When she woke up the next morning, it was not to the delicious sound of poets reciting poems from excruciating pain, but rather to the zzzrk-zzzrk of her doorbell. She was still wearing her morning robe from the day before, which went to her ankles and ended in a frilly purple fringe. She was a bit disheveled, but knew she needed to answer the door before anything else. She stood on her tiptoes to see through the little peering thing on the door, and saw on the other side a young man dressed all in blue and wearing a matching baseball cap. He was holding a brown paper package, and his lips were puckered, as if he were whistling to himself. She unlatched the door and opened it enough to poke her head out.

"Hello?" she asked.

"Special Delivery!" he sang. His voice was clear, and not too high, and seemed as though it could pronounce the most horrendous things in a beautiful way. And because "special delivery" isn't anything especially horrible to hear, but even to a degree thrilling in a kindly way, the little girl found herself straightening up her back and putting on her most cheery face.

"Who's it for?" she asked.

"Why, its for you, of course. Who else would it be for?"

"Um- my father?"

"Ha! Not likely!" proclaimed the blue dressed dude in a strange way. He smiled, flashing a set of crooked teeth.

"W-what do you mean by that?"

The young man cocked his head, and frowned, as if he were trying to remember something. With a cough and a chuckle, he pulled from his back pocket a pad of paper with a pen attached to it by a piece of twine. He handed these to her, saying

"Could you ah sign on line thirty-four?"

She couldn't refuse him, even though she wanted an answer to her question.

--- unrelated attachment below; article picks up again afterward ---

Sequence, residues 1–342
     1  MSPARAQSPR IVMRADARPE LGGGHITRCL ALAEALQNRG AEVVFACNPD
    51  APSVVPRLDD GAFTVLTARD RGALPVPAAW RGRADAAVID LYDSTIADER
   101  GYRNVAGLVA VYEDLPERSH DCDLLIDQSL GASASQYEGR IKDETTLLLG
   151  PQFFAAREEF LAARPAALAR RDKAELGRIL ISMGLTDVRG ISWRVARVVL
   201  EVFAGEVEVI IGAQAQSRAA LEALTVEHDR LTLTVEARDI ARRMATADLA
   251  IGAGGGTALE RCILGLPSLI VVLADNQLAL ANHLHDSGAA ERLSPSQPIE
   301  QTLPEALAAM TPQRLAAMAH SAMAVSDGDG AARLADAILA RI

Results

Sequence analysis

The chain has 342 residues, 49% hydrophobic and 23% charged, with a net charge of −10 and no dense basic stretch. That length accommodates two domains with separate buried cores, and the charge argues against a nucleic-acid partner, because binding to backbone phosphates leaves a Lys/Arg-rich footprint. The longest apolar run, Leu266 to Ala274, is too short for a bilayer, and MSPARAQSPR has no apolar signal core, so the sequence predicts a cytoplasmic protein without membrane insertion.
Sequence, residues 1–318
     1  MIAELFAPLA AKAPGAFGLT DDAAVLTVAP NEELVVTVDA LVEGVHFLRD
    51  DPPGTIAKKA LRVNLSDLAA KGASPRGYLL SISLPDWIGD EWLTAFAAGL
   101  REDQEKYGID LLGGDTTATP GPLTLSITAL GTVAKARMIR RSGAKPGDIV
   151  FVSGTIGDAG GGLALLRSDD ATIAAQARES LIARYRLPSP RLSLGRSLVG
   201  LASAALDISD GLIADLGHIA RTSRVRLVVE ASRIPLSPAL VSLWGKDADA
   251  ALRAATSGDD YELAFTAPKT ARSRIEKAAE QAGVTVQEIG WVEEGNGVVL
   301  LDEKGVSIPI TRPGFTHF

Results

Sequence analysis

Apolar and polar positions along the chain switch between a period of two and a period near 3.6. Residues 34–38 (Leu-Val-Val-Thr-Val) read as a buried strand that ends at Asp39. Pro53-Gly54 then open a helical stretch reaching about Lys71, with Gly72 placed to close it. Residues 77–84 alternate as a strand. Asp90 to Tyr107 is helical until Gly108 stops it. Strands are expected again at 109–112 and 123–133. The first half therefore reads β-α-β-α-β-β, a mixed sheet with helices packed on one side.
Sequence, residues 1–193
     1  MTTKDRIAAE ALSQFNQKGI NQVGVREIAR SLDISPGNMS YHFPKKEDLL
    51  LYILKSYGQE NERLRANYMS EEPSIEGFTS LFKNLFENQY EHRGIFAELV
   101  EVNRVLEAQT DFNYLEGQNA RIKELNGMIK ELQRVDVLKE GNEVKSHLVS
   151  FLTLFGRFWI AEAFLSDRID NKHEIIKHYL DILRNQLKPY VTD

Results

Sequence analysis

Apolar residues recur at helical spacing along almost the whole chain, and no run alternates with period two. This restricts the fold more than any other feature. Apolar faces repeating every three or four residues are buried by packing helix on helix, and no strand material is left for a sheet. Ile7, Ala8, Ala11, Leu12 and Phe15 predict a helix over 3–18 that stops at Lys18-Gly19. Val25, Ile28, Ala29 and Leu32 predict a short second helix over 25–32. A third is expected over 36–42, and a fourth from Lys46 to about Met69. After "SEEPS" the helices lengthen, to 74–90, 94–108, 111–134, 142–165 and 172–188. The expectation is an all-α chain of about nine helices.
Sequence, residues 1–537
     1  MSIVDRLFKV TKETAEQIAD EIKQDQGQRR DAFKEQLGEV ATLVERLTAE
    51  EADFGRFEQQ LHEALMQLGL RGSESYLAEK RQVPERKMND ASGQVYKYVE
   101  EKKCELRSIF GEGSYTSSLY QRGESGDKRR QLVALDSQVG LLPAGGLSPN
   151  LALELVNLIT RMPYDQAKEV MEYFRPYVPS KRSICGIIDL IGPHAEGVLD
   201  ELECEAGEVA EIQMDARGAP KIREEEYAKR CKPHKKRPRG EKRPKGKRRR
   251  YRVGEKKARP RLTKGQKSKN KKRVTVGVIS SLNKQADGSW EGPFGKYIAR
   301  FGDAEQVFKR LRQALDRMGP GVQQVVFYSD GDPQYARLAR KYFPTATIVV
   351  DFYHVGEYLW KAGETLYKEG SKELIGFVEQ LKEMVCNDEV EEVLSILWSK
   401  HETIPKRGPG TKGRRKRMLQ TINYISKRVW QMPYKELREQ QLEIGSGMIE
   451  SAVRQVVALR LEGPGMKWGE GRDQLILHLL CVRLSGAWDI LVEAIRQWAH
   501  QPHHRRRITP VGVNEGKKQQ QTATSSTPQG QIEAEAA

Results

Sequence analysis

"Thanks!" he intoned when her loopy scrawl had filled up line number thirty-four, then he set the brown paper package at her feet, and turned to go.

"Wait!" she called out after him, "What did you mean by that, about my father?"

"Ta-ta!" he sang over his shoulder, and was gone.

*

The girl stared blankly at the space where the blue young man had disappeared, and slowly bent down to pick up the package. As she shut the door, a feeling of bewilderment washed over her. With the package under her arm, she walked to the kitchen to set a kettle going.

In the kitchen, she realized how hungry she was. After checking all the cupboards and the shelves of the refrigerator, she learned that all there was to eat were a couple of poets. She looked around some more, for one of her father's cookbooks, for she didn't know how to go about preparing them on her own.

She did know how to set up the deep fryer, and once she got that going, she fobbed her way through as many guesses and intuitions she could pull out of her head. First, she combed the poet's hair, then she rubbed oil on the soles of their feet and the palms of their hands. Then she took out a plucker, and spent a few minutes trying to dislodge thier eyes. Finally, after many attempts (and hurtful squeals from the poets) she succeeded in plucking out their eyeballs, though she had accidentally popped one, and spilt eye goop on the floor. No matter, she could always mop it up later. She was used to cleaning after breakfast, anyhow.

Then she rolled the poets around in a bit of flour, and dipped them in the fryer. Because she didn't know how long one was supposed to fry a poet (for she had never, not once, woken up early enough to watch her father do this), she kept pulling them out of the bubbling oil every minute or so, to ask how they were feeling, and if they thought they were ready to be eaten.

This whole fiasco made her realize something about poets. Before, when she woke up to the sound of their bawlings, she had thought that the pain they were experiencing was what made their verses so tantalizing to listen to. But as she brought them up from the searing liquid time and again, and politely asked them how they were feeling, she began to think differently.

In answer to how they were feeling, the poets responded eloquently and in precise, if beautiful language. but when she asked them if they were ready to be eaten, they became somewhat sophistic and long-winded, which told her that, in fact, they were not yet done. What the girl realized was that their pain only brought these little creatures to a delicious state, but it was not, itself, the origin of their remarkable tastiness. No, the tastiness was always there, deep down within them. It just needed a little coaxing to fully develop.

And probably because she was paying so much attention to what she was doing, the poets came out just right. She couldn't remember the last time she enjoyed her breakfast so much.